Prose writer and scriptwriter for radio, television and film. His books have been published in Polish, German and Romanian. He was born in Prague on 28 May 1935.
He graduated in aesthetics and film studies and worked as a script editor and writer for Czechoslovak television and radio. He signed the “2000 Words” manifesto, a call for reform of the Communist Party in 1968, after which he was sacked and became a freelance writer.
Since the sixties he has been writing novellas, short stories, poems and feuilletons. His debut work was the short-story collection Jediná noc (One Night, Krajské nakladatelství Brno, 1962), which was followed by Učitel ptačího zpěvu (The Birdsong Teacher, KNB, 1965), Jednou se ohlédneš (One Time You Will Look Back, KNB, 1968) and Kdo umlčel Matyáše (Who Silenced Matyáš, KNB, 1968), all of them psychological stories about people who contemplate some degree of compromise in various situations on the margins of life.
Smrt v kaštanovém domě (Death in the Chestnut House, Blok, 1976) depicts the cowardice and pettiness of several inhabitants of a small town who have driven a man to murder and are incapable of taking responsibility for their actions. The novel Prodavač humoru (The Seller of Humour, Československý spisovatel, 1979) inspired the director Jiří Krejčík to make a film about the tribulations of variety-show recruiter Jožin Petránek. The novel Bludné kameny (Stray Rocks, Čs. spisovatel, 1981) recounts the fates of three brothers from a cottage in the Bohemian-Moravian Highlands; the novel’s title comes from a motif of the book – a meeting during the blasting of stray rocks on land which used to belong to the cottage owners. The book Vrabčí hnízdo (The Sparrow’s Nest, Čs. spisovatel, 1983) comes from the environment of film and television studios, which Ráž is intimately familiar with and used here as the setting for the story of a ruthless careerist. The story of the main character from the book Šokmistr (The Shock Master, Čs. spisovatel, 1985) also revolves around a loafer who exploits the name of his famous father.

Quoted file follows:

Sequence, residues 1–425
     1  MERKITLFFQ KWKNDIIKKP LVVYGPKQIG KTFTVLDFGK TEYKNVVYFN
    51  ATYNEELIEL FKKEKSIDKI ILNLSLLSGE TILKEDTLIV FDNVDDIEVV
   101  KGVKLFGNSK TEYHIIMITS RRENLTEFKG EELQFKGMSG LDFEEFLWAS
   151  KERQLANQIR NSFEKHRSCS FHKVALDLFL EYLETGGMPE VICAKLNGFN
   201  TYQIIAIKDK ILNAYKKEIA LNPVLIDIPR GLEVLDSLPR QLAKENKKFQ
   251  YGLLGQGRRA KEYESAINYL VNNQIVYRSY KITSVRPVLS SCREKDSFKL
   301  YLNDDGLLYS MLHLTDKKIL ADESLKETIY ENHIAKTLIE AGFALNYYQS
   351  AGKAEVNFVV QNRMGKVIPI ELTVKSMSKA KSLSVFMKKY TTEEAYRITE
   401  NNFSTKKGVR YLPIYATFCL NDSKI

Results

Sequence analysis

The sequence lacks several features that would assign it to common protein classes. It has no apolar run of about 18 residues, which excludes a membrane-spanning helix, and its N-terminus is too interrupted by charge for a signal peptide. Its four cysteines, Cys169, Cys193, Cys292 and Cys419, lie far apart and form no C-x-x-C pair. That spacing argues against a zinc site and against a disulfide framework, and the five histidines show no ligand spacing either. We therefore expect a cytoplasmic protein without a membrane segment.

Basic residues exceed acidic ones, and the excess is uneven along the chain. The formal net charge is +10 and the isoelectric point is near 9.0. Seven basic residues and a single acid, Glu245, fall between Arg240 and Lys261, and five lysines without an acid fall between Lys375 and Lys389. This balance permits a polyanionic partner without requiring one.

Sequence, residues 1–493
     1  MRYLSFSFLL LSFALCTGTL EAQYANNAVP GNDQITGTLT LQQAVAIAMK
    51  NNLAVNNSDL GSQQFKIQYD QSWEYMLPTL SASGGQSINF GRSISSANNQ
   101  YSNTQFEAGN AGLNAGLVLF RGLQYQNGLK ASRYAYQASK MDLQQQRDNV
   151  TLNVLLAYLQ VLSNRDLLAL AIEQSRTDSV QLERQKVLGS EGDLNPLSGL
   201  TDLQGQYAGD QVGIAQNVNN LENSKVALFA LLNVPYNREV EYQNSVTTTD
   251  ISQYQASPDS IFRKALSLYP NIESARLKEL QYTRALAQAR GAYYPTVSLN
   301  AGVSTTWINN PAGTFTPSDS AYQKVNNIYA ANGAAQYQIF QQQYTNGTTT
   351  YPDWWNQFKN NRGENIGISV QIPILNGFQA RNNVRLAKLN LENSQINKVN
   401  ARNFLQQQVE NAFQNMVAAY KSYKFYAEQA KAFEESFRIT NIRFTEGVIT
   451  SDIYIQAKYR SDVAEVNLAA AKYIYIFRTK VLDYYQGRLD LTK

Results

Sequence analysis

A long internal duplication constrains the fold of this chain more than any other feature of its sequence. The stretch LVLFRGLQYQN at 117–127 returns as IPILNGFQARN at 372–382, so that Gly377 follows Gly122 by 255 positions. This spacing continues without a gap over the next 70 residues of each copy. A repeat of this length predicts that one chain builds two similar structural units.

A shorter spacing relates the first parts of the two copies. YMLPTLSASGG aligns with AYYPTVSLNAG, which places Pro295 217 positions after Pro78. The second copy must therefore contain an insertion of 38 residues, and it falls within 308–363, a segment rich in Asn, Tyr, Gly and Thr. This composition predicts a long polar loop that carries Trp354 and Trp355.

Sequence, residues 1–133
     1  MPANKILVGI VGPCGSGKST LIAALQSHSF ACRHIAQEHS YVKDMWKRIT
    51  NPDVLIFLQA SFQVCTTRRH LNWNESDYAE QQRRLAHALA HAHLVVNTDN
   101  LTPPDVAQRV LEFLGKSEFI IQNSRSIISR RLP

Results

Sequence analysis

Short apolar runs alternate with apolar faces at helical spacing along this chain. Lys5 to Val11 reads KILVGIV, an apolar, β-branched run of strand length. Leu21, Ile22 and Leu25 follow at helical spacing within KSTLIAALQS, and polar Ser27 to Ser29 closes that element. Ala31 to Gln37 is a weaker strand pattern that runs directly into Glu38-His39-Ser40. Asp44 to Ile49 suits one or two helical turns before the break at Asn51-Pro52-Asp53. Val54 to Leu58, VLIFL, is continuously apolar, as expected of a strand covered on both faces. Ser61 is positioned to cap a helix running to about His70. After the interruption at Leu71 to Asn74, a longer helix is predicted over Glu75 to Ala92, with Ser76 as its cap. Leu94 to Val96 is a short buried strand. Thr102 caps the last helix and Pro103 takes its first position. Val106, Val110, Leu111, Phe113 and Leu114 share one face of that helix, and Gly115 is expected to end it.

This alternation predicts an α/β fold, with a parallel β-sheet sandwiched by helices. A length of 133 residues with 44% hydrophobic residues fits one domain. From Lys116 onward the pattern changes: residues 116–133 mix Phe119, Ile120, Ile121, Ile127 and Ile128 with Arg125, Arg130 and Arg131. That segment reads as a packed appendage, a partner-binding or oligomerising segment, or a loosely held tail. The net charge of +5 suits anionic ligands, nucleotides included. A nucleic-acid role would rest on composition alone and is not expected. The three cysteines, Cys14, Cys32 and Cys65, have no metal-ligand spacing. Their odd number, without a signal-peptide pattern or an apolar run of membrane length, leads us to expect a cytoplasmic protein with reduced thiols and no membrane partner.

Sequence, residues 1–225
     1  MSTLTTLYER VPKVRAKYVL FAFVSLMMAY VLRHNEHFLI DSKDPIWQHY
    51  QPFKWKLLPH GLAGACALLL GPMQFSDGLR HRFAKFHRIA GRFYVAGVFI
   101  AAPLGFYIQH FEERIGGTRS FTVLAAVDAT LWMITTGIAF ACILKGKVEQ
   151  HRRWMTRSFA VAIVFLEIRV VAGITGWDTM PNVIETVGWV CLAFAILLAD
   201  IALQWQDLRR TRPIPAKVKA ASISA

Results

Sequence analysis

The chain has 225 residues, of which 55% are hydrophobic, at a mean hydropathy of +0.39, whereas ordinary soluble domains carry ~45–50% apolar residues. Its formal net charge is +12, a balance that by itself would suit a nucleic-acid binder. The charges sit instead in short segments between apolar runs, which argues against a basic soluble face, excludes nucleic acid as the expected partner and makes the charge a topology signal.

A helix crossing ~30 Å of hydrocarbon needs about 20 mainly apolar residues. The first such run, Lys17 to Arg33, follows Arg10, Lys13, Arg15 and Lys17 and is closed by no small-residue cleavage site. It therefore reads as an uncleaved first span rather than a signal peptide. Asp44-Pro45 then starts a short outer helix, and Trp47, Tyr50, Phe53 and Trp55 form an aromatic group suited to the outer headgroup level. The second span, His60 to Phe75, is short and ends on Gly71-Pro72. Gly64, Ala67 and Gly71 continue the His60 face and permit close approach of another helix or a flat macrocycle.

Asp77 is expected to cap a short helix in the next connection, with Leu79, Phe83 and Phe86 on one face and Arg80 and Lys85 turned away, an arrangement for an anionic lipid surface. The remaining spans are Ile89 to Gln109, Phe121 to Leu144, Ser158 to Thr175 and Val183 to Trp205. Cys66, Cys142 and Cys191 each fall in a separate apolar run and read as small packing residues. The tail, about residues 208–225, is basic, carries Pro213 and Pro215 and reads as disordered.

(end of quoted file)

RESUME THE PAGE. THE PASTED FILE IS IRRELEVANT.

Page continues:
Narcisový dům (The Daffodil House, Čs. spisovatel, 1988) was again made into a televised version; it tells the psychologically charged story of the life of two generations in a house which is at first sight invitingly sunlit and surrounded with daffodils.
This was followed by the tragicomic novel about infidelity In flagranti (Čs. spisovatel, 1989), made into a film in 1993, the story of a former operetta singer Pokušení na konci léta (Temptation at the End of Summer, Práce, 1989) and the novel from woodland solitude and from the practice of a country doctor Zachránci samoty (The Solitude of the Rescuers, Academia, 1999). Bonviván (Bon Vivant, Academia, 2004) describes the life of an ageing actor and dancer. This was followed by an overpopulated farce about the vagaries of everyday life, Nevěř mi ani slovo (Don’t Believe a Word I Say, Akropolis, 2009), and a farce on the theme of murder, V jídelně se nevraždí (One Doesn’t Murder in the Canteen, Akropolis, 2001).
Roman Ráž’s most recent large-scale literary project is the historical fresco Lázeňské dobrodružství (Adventures at a Spa) and Lázeňské naděje (Spa Hopes, Akropolis, 2014 and 2015); against the backdrop of the dramas of one family, it depicts the First and then the Second World War and life in Czechoslovakia in the run-up to the communist victory in the elections of 1946.
Ráž is also the author of the radio plays Smyčka (Loop), Ruce nad vodou (Hands Above Water) and Faust umírá dvakrát (Faust Dies Twice, collectively by Dillia, 1968).